Richard Cardinal Cushing—born in South Boston, Archbishop of Boston 1945-1969;
John McCormack, Congressman from South Boston, speaker of the US House of Representatives 1963-1971;
Louise Day Hicks, Congresswoman, first woman president of the Boston City Council; controversial for her opposition to court-ordered busing.
William Bulger, state representative and state senator from South Boston, president of the State Senate 1978-1994;
Ray Flynn, Mayor of Boston 1983-1993; Ambassador to the Vatican 1993-1997;
What are some of the most import events that have happened in the neighborhood?
Dorchester Heights—evacuation of Boston.
Perkins School for the Blind—when Charles Dickens came to Boston in the 1840s, he most wanted to meet Laura Bridgman, the first deaf/blind person to learn to communicate;
Calamity of busing in the 1970s. Not an easy thing to sum up in a few short sentences.
What is the most important historical site in the neighborhood?
How has the neighborhood transformed over the years?
The native people called it Mattaponock—place by the water; a good place to be for access both to the harbor and its resources and the interior; the Puritans turned into a grazing place for cattle—it was the Dorchester cow pasture; in 1804 a group of developers—Harrison Gray Otis, Gardiner Greene, Jonathan Mason engineered its acquisition by Boston, as South Boston, and set out to develop it; in the 19th century the two major ideas were luxury resort for its proximity to the water, and industrial powerhouse; two incompatible ideas, only one could survive, so South Boston became an industrial powerhouse—iron works, ship yards, rope walks, made possible by the immigration of laborers from Ireland, Germany, and later other places—development began in the “Lower End” and moved east; also in the 1820s and 1830s it became a place to send Boston’s problems—House of Correction, Almshouse, and Home for the Feeble Minded opened along the First Street waterfront (between M and O streets); for a century it remained a blue collar neighborhood; current transformation into a hip urban neighborhood, as its proximity to the city makes it appealing.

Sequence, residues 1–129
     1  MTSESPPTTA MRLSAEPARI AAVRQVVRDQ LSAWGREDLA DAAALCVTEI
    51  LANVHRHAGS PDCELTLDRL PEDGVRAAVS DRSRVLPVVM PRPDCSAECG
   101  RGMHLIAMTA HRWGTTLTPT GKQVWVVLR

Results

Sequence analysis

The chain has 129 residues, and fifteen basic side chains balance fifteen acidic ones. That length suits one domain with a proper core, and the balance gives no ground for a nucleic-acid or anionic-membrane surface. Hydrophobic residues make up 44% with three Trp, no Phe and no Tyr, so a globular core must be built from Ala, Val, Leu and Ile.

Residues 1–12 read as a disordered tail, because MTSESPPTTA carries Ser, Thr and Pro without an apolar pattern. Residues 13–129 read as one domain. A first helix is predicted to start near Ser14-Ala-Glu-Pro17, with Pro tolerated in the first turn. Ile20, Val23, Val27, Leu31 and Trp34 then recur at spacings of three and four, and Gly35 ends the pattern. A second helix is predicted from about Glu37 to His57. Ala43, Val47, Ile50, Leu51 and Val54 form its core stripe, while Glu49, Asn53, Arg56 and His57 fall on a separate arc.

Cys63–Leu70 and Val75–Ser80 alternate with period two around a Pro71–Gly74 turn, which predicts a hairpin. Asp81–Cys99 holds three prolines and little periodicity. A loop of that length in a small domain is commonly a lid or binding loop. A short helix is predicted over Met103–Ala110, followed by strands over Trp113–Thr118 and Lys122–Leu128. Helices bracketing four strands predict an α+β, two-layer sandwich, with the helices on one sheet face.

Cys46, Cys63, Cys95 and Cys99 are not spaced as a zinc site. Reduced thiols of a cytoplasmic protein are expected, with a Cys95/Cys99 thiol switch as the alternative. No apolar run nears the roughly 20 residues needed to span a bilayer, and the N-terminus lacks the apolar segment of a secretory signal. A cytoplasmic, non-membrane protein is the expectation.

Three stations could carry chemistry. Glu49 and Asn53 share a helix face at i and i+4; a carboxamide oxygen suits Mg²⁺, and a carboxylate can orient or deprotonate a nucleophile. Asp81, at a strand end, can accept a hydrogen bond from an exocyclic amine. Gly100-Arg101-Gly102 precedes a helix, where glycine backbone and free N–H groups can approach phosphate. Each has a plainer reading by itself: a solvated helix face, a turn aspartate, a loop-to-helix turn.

How can the SBHS protect this history?
The South Boston Historical Society can protect this history by reminding our residents of it—by publishing our map, by bringing history to the schools, and by helping our colleagues in the area interpret sites—the National Park Service with Dorchester Heights, the Archdiocese and Knights of Columbus with St. Augustine’s Chapel; with Evacuation Day events and other opportunities to present history.
How can residents get involved in the Society?
Send $6 to South Boston Historical Society, Box 495, South Boston, MA 02127
Check us out on Facebook. South Boston Historical Society.
What are some upcoming SBHS events?
We are hoping to have a History Trolley Tour as part of the South Boston Street Festival Sept. 15;
Our first meeting of the year, Monday, Oct. 1, 6:30 p.m. at the South Boston Library—I will speak about the War of 1812, followed by a discussion of SBHS activities for the year